Recent events in the Middle East have demonstrated how the Strategic Defence Review (SDR) is cutting the British military back to the barest of bare bones. In doing so, we risk losing our position as a leading world player, as befits a nation with a veto on the UN Security Council. Instead we are becoming a two-bit regional player, all diplomatic swagger but militarily impotent.
Amidst the criticism of the Government’s evacuation of British citizens from Egypt and Libya, one success story was the deployment of HMS Cumberland, a Royal Navy frigate, to Benghazi in February. Whilst other countries were having their military forces detained by the Gaddafi loyalists, HMS Cumberland steamed into port, rescued British and foreign nationals and then proceeded to deposit them in Malta, all in the space of an afternoon. But the only reason HMS Cumberland was in position to do this was thanks to the SDR, because she was “on her way back to the UK to be decommissioned” and happened to be passing Libya at the right time.
Shortly afterwards, on 28th February, David Cameron suggested implementing a no-fly zone, an idea since been supported by France, among others. Regardless of any zone’s legality, the only feasible way to enforce such a zone is from fighter planes launched from aircraft carriers in the Mediterranean. Fighter planes like the Harriers, whose last flight was in December, launched from aircraft carriers like HMS Ark Royal, decommissioned with ironic timing on 11th March.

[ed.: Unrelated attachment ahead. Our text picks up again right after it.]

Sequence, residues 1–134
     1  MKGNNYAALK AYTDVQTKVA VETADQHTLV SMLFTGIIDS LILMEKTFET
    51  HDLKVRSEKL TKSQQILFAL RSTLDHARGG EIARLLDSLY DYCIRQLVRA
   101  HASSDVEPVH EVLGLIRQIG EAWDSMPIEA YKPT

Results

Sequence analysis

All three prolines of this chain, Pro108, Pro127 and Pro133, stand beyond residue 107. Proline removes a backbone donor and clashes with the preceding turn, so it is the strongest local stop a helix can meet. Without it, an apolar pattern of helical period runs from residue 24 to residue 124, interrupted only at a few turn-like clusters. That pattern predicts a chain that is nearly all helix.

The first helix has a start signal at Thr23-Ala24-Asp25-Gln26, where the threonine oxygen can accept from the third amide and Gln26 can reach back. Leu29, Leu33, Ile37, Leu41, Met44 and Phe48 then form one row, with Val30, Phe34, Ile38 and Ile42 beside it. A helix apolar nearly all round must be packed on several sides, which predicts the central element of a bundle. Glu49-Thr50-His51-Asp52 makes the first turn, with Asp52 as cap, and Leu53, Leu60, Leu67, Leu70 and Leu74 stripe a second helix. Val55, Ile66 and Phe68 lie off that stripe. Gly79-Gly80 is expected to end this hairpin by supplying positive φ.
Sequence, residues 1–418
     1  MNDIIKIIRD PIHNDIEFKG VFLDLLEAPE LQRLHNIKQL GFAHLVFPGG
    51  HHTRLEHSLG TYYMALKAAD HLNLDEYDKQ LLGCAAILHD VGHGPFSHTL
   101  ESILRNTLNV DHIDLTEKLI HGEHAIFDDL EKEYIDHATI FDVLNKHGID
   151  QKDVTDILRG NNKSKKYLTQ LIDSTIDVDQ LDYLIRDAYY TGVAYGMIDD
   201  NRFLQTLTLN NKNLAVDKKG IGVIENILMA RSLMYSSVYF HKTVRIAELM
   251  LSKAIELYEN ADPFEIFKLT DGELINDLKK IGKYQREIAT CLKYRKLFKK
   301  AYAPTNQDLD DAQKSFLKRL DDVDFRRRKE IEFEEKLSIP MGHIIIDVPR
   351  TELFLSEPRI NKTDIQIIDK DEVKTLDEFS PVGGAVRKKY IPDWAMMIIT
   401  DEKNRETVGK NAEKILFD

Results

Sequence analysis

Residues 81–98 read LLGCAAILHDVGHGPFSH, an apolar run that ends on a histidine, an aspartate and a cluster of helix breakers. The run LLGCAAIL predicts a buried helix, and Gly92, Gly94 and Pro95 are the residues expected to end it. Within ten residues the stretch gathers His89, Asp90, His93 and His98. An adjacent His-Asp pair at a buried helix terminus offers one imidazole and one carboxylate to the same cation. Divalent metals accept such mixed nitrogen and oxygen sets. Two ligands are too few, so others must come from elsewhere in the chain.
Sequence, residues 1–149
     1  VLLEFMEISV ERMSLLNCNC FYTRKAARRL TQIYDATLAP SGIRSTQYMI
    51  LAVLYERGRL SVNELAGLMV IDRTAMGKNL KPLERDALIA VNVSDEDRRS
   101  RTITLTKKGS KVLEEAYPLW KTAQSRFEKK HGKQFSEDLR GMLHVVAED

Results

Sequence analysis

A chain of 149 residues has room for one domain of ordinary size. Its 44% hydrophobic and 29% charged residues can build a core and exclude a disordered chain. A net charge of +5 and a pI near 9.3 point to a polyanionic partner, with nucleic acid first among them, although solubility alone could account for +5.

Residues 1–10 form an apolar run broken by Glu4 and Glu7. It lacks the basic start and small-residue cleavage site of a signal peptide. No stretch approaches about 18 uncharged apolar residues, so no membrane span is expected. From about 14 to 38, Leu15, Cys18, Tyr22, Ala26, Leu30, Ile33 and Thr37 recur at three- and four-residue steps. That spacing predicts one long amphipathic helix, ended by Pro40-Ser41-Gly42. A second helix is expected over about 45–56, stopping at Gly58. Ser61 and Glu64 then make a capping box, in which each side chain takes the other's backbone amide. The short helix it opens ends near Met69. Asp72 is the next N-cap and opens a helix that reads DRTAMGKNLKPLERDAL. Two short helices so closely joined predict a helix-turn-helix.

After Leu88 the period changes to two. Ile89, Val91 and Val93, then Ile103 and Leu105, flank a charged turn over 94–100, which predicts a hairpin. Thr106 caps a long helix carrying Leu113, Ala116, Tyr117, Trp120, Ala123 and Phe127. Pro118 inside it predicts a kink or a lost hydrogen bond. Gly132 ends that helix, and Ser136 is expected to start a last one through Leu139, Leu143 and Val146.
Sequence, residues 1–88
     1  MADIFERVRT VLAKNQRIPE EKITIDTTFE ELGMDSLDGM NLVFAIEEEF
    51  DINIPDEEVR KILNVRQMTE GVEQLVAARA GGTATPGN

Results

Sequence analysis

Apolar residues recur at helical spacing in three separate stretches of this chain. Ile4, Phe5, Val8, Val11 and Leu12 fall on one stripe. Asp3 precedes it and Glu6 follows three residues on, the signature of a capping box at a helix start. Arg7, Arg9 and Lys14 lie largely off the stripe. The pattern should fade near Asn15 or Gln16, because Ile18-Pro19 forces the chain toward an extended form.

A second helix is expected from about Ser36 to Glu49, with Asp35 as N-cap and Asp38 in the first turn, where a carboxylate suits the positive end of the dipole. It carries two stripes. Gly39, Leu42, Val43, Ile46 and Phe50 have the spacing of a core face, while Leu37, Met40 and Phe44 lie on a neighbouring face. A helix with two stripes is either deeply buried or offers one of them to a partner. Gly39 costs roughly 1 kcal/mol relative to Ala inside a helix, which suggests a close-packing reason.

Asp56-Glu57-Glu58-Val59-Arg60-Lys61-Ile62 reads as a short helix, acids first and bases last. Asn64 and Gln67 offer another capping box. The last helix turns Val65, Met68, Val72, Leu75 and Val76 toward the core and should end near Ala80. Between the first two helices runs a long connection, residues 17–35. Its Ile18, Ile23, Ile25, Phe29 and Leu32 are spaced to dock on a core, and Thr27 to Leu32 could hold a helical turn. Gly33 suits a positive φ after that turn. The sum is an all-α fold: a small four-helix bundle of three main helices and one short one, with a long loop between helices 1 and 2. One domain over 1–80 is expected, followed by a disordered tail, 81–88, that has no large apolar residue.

With events in Libya, Cameron has attempted to establish an independent and influential British foreign policy voice. An independent foreign policy needs to recognise that the threat to a pacific existence does not come from national warfare; it comes from regional instability, currently occurring on Europe’s southern border. This policy requires the hard power of military force to reinforce soft diplomacy.
To deal with this, we need a military that has the ability to deploy anywhere in the world, from air, sea and land, quickly, effectively and independently, especially of the USA and Europe. Not so much independent of their consent or agreement, but independent of their military assistance. It is this independence which, by cutting back on key resources such as aircraft carriers, helicopters and fighter planes, as well as sheer manpower, the SDR removes. To balance financial restrictions, we need more innovative solutions to our defence quandary than the SDR. Solutions such as a greater use of reservists. Solutions such as streamlining our armed forces so that they are a coherent united force, each soldier, unit and hardware support another, rather than the current patchwork of tanks, fighter planes and submarines. Perhaps we should seek to emulate the US Marine Corps and their ability to fight as one unit in all arenas, rather than continue struggle to support three separate forces, shorn of resources, facing an uncertain future.
Alex Paul is a Lib Dem student and activist currently living in Edinburgh